I was watching Netflix’s “Atypical” when I came across the following exchange in a scene where the parents of the main character Sam were at a group for parents with children with autism:
Doug: The whole thing really threw me off because we’ve been getting along well, and he’s been seeing a therapist lately, and I felt like he was getting better…
Shelby: Oh! So sorry to interrupt you again, but um, there is no (making air quotes) getting better in autism. It’s a neurological condition, not a curable disease…
It’s obvious Shelby has a stick up her arse when you see the character in action, and I really feel sorry for her kid: No, John, you can’t go out and play with the other kids because there’s no getting better in autism and the last time you made poor Amy cry… Continue reading Autism and “getting better”
Just back from vacation, and my sleep depravation is over… no, not sleep deprived, sleep depraved…
A fun exchange with a colleague:
Colleague: so how was your vacation?
Me talks a bit about it and mentions sleep.
Colleague: so, how bad is it?
Me: I went to bed at ten and woke up at five.
Colleague looks confused.
Me: ten in the morning and five in the afternoon.
Why sleep depraved/deprived/de-whatever?
No clue. Because sleep hates me? And I hate it right back?
Maybe because I was born four in the afternoon… but it’s more likely that I was born in the afternoon because my sleep cycle has always been in disarrary…
Four hours after coming home from work: Find myself Googling chemtrails.
Fuck you ADHD! How the hell did I get here? You’re wasting my life, and what the fuck Asperger, did it really took you four fucking hours to figure out what the hell was going on? Get me out of here! NOW!
Continue reading Chemtrails, WTF?
The connections in autistic brains are idiosyncratic and individualized
An Ars Technica article discusses the brain chemistry of autistic people and shows that each person is different in a unique way.
Focus Cards can be used by people with high level of distraction and bad short term memory to quickly regain focus when they get distracted.
Since I’m a person with a pretty bad short term memory (due to Asperger, I think), and are pretty good at getting distracted (mostly due to ADHD), I’ve found, that part from my to-do-lists (in GTD-style), I need something to keep me focused while I am working on a task.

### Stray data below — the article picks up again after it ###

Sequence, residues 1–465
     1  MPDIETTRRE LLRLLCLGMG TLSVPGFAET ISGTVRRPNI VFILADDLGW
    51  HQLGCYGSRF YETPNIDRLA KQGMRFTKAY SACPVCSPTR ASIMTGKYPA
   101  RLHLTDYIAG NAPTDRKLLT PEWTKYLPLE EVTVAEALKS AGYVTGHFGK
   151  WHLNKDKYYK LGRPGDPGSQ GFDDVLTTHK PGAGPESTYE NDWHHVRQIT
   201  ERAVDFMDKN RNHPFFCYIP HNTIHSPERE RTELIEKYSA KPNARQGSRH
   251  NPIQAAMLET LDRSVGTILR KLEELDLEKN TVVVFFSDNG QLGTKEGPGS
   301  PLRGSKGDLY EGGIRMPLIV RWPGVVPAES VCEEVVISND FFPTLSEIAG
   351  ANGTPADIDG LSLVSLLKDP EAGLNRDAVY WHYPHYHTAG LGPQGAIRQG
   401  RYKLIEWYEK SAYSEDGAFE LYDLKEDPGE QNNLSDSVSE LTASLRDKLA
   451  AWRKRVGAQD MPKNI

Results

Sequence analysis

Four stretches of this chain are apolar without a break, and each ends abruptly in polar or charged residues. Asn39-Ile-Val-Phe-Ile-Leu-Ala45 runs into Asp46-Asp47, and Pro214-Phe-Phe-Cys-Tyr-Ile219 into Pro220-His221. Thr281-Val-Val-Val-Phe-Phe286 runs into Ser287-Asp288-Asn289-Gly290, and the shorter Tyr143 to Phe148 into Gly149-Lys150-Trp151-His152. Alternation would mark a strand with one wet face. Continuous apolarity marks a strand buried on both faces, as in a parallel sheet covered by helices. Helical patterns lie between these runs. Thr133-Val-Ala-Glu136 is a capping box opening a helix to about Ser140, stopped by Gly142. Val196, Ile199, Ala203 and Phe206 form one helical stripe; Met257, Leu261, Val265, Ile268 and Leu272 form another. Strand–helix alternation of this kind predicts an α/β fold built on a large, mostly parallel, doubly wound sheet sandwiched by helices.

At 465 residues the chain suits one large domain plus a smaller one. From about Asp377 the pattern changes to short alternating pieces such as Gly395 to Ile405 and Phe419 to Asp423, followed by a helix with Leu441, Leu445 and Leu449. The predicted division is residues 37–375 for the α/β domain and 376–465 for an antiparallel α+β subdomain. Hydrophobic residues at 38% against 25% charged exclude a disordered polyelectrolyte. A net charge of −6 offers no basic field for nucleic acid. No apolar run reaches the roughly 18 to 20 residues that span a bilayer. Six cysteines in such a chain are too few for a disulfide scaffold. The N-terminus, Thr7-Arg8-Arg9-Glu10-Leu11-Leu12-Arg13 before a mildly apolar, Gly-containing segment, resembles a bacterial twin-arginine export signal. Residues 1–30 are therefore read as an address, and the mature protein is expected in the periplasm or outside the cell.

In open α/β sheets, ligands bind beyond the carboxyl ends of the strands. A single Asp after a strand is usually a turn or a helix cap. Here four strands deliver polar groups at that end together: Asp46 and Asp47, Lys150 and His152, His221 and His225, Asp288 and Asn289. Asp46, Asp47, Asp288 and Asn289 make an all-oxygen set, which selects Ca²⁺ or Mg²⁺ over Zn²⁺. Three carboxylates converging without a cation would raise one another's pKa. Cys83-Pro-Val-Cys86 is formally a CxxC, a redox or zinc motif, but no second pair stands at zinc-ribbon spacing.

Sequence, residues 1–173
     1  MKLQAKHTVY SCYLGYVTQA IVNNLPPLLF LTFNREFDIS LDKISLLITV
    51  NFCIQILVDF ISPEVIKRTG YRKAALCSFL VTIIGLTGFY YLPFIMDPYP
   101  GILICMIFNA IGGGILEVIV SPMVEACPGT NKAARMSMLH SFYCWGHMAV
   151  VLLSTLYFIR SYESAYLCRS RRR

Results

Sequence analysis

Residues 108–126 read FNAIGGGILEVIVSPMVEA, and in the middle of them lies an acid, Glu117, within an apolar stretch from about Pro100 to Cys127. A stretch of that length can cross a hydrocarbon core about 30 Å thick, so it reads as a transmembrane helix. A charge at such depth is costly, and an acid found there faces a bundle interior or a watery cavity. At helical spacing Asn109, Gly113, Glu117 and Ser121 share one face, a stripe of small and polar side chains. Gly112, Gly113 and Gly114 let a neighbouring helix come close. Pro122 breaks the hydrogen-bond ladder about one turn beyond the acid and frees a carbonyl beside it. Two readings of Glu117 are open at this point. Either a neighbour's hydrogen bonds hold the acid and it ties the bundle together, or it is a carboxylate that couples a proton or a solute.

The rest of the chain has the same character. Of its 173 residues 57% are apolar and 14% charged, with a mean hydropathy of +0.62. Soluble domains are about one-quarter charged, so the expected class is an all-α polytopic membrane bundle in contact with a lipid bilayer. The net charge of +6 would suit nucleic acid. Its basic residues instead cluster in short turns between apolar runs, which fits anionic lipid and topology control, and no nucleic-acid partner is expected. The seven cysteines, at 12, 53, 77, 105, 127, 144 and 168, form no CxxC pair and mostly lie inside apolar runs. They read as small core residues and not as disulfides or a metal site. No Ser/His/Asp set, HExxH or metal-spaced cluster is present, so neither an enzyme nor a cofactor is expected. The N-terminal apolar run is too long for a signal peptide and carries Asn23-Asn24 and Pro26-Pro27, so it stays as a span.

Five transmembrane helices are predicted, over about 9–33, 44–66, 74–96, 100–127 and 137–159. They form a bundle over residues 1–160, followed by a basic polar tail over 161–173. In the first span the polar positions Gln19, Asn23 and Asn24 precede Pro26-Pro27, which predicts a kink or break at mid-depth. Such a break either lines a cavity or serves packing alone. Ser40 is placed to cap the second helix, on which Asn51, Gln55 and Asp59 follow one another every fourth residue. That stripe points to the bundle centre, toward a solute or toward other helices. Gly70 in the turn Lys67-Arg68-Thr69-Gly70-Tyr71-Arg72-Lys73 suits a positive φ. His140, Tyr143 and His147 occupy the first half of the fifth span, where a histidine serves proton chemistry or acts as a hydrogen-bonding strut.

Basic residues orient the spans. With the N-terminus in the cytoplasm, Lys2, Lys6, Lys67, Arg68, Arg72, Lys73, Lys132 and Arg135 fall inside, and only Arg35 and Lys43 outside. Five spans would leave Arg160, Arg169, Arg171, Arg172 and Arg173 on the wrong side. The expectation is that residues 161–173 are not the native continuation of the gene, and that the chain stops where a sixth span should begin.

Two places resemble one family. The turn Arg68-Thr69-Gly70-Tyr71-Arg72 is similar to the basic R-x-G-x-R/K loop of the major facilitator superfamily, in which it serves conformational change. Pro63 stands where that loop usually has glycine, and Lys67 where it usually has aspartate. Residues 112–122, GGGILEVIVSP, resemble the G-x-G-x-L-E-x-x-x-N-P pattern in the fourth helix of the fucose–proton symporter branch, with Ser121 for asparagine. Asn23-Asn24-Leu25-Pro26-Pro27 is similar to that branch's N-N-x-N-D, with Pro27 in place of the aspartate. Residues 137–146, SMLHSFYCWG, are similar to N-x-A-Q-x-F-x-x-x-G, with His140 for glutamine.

Continue reading Focus Cards: How to keep focus
I’ve understood Aspies are good at seeing patterns (from a discussion group on the diagnosis criteria at Asperger center in Stockholm, among other sources).
The thing is I might be too good at it or seeing the wrong patterns.
Continue reading Seeing patterns
Something very strange is going on when I hear several people talk at the same time.
I think the best way to describe it would be to say that I get a few milliseconds of one conversation, then a few of the other, and then back to the first. It becomes a completely unintelligible noise. I don’t hear words… I guess doing it with text would be like:
John (whom I am talking to) and Peter (who’s talking to Bob on the other side of the 2×2-table island) at the same time: sdoi dwhyaotu’sk ntohwe tvheerysihoanv?e a new web site?
Me: what did you say?
John, a bit impatient, apparently not having any problem whatsoever that Peter and Bob are talking at the same time we are: what’s the version?
I’ve tested my hearing – it was perfect. Or at least good enough not to warrant any form of action.
My problem isn’t my hearing. I just can’t separate people’s voices.
At a cocktail party, this becomes an explosive and rather fantastic wall of incoherent sounds… almost like music.
That’s all fine, but when someone tries to talk to me… I am not able to say more than, “aha”, “okay” etc – I have no clue what they are talking about… I guess lip reading would be a way to go.
It does take small talk to a completely new level, though.
Before I started medicating my ADHD I was unable to work or concentrate with other people around unless I wore headphones. The problem was two fold. I was unable to filter out sounds in my surrounding, and I kept wanting to answer people’s questions, even if they were having a conversation in the other end of the room.
The first one was a problem for me which I solved with an iPod before I started medicating. After that, I was soon able to get work done even without my iPod.
Continue reading I hear everything the guys in the other end of the room are saying…
If you are an Aspie you probably have a lot of things. Old stuff you cannot throw away.
Perhaps you collect things? I’ve heard examples of anything and everything from model airplanes, to plastic buckets, to rubber boots, to pictures of horses. Aspies seem to have the collector gene in spades!
As a consequence, you probably have a rather messy home. I know I used to. I had piles of things covering the floor, only leaving small “paths” snaking through the mess and connecting my bed, my computer, the kitchen and the hallway.
Given that an Aspie can get rather stressed out by a too cluttered surrounding or by not being able to find stuff, this is usually a problem that needs to be solved.
Continue reading Getting Organized